Skylights featured on Astronomy Picture of the Day

Scout Report Selection Webivore Selection SpaceCareers Selection

Skylights featured nine times on Earth Science Picture of the Day: 1 2 3 4 5 6 7 8 9

Green and blue

Photo of the Week. Who says green and blue don't go together?

Astronomy news for the week starting Friday, February 12, 2010.

We start the week in the "dark of the Moon," as our companion goes through its new phase the evening of Saturday, February 13, the waning crescent too far gone to be visible that morning. The following day, is of course Valentine's Day. It's a non-astronomical holiday, but happy Valentine's to everybody anyway. Look then the next night, that of Monday the 15th, to see waxing crescent in southwestern evening twilight. Filled with diminising Earthlight, the Moon subsequently grows toward first quarter, that phase not reached until early next week (Sunday the 21st). The Moon passes apogee (where it is farthest from the Earth) almost exactly a day before the new phase, which will weaken the highest tides at the coasts (tides dependent on the inverse cube of the lunar distance).

Jupiter is now difficult to see in bright southwestern evening twilight and is for all purposes gone from view. But take heart, as it is gradually being replaced by Venus. The two make a close, though nearly invisible, companionship at mid-month. Watch during February's remainder to get your first glimpse of the second planet from the Sun.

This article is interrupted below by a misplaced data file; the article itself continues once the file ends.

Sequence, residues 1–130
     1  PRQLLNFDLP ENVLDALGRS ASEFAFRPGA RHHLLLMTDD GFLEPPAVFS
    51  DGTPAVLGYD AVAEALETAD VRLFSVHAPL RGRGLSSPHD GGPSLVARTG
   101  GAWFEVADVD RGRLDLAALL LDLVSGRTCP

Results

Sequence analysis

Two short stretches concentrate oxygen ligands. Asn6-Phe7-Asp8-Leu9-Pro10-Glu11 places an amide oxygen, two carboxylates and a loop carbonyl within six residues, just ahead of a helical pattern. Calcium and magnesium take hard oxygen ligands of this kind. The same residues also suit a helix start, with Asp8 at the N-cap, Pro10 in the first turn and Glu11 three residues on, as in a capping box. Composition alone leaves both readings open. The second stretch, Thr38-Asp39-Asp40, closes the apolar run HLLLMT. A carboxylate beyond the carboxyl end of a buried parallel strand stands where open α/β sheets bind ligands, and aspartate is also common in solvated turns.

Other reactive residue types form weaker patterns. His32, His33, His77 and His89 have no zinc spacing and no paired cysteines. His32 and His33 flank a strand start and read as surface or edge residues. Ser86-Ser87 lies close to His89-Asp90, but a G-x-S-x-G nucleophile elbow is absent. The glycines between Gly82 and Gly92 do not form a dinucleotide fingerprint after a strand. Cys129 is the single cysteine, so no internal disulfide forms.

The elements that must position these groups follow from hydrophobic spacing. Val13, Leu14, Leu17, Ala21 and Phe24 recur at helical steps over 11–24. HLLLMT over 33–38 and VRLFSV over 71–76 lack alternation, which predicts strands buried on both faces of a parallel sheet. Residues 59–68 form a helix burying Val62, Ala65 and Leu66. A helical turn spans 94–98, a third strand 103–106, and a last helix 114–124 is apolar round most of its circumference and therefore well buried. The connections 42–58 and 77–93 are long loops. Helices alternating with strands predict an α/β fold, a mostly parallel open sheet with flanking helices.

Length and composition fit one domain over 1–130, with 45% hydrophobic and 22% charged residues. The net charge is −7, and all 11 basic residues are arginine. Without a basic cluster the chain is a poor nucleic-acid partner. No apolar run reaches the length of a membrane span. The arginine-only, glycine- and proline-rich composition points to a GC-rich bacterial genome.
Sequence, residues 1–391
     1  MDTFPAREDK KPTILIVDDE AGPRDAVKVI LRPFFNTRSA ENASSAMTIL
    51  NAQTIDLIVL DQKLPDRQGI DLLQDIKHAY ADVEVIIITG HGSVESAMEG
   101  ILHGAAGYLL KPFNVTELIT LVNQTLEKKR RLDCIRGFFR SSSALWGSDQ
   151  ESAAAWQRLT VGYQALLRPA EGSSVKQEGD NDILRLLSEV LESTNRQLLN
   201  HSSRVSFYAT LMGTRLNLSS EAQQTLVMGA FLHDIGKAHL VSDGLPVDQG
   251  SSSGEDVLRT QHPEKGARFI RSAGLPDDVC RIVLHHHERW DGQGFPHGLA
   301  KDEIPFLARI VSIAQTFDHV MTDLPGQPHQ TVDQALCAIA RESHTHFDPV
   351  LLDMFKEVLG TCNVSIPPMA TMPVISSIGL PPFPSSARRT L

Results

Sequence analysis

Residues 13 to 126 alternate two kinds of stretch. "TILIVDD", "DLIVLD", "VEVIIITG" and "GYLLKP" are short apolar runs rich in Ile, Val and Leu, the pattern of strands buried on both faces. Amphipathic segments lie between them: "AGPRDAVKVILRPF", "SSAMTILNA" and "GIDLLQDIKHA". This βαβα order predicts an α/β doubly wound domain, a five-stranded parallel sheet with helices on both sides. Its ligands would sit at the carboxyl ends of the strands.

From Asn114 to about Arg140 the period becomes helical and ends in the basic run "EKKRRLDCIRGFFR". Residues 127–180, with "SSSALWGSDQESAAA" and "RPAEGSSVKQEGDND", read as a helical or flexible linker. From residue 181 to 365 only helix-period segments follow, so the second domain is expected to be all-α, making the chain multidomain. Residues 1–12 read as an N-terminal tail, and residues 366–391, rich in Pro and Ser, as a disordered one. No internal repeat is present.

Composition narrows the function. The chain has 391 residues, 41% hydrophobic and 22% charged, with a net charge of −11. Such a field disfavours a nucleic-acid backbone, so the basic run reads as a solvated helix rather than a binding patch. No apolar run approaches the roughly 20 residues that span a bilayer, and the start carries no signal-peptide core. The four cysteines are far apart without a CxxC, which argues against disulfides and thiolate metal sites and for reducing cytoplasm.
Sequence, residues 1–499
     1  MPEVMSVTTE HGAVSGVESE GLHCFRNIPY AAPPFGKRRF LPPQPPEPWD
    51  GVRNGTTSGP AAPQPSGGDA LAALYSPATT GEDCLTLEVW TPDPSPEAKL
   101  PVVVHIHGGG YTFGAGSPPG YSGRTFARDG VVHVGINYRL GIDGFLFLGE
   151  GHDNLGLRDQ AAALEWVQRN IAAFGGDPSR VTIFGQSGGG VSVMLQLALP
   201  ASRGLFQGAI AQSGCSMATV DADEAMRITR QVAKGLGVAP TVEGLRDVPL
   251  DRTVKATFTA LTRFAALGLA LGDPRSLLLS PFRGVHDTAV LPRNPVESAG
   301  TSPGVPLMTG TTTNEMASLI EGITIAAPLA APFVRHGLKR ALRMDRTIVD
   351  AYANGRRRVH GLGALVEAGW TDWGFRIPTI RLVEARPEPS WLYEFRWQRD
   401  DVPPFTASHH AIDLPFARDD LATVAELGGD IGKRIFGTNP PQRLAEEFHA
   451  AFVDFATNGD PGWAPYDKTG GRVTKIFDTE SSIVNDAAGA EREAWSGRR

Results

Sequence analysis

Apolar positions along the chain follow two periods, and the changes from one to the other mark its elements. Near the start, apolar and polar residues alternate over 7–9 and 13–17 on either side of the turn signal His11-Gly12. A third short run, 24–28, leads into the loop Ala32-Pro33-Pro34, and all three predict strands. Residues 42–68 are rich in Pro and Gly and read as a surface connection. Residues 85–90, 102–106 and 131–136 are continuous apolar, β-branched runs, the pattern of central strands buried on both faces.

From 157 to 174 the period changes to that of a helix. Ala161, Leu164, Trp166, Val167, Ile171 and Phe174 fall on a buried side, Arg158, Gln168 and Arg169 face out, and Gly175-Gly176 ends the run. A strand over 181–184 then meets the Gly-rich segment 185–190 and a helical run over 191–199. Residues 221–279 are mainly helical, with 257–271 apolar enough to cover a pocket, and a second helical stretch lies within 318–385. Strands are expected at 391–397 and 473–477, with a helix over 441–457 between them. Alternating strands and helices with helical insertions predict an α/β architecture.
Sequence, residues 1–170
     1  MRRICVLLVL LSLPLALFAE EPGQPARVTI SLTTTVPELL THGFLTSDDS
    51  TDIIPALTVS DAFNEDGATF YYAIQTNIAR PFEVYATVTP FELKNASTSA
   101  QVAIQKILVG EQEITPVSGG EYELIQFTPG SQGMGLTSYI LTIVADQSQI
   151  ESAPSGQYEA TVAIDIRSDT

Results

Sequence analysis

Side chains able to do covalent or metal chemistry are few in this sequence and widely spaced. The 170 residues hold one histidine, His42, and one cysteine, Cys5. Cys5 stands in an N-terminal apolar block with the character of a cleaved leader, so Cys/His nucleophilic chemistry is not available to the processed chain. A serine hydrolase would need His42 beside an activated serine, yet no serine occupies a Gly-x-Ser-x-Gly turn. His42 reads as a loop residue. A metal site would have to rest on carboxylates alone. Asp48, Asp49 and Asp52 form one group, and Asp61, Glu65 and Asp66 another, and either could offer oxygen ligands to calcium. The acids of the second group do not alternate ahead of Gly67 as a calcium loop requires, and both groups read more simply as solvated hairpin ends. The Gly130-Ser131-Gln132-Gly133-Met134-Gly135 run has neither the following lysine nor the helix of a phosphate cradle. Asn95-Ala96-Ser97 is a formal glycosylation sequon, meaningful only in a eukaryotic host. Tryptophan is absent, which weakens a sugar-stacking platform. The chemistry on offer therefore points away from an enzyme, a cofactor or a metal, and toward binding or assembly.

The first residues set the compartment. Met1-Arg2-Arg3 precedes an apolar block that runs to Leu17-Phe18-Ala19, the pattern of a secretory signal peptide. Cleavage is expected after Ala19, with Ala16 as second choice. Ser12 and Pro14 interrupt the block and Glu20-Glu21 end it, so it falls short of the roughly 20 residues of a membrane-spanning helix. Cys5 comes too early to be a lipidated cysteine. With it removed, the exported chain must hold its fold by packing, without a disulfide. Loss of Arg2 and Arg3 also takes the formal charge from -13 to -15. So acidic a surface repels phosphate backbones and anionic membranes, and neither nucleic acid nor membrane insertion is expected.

That pretty much leaves the planetary sky to Mars and Saturn. Already well up at sunset, the red planet crosses the meridian to the south around 11 PM among the stars of western Cancer between the Beehive Cluster and the Pollux-Castor pair of Gemini. Well before Mars transits the meridian, at about 8:30 PM, Saturn rises in Virgo some four degrees to the east of the Autumnal Equinox rather marking the spot where we find the Sun on the first day of autumn. In invisible planetary news, Neptune celebrates Valentine's Day by passing conjunction with the Sun.

Looking deeper into the sky, the asteroid Vesta makes a fine appearance as it passes opposition with the Sun on Wednesday the 17th. Though the fourth asteroid discovered, and with a diameter of 510 kilometers (317 miles) the third largest, Vesta is nevertheless the brightest of the bunch, and near opposition is actually visible to the naked eye, though binoculars are a far better choice. The asteroid, part of a debris belt between Mars and Jupiter, spends much of February and March moving retrograde through the Sickle of Leo. The night of opposition, sixth magnitude Vesta is easily found just to the south of second magnitude Algieba, Gamma Leonis, the Sickle's second brightest star, indeed right between Algieba and the fifth magnitude star 40 Leonis, which lies just under half a degree below its brighter second-magnitude neighbor. This is one of the best chances you will ever have to see an asteroid "live."

While spring may be near, the winter constellations still hold forth in the early-to-mid evenings. Look for the pentagon of Auriga nearly overhead in mid- temperate latitudes. Its southernmost star, Gamma Aurigae, actually in Taurus, also serves as the Bull's northern horn, and is more formally known as Elnath, or Beta Tauri. To the south of course is one of the greatest figures of the sky, Orion, the Hunter.
Valid HTML 4.0!